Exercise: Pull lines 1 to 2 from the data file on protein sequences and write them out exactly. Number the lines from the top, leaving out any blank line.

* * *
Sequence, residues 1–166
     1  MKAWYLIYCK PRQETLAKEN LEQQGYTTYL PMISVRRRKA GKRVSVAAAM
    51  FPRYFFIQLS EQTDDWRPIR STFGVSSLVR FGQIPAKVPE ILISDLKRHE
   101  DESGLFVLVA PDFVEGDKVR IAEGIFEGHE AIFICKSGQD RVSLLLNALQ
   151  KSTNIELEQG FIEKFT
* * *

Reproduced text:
Sequence, residues 1–166
     1  MKAWYLIYCK PRQETLAKEN LEQQGYTTYL PMISVRRRKA GKRVSVAAAM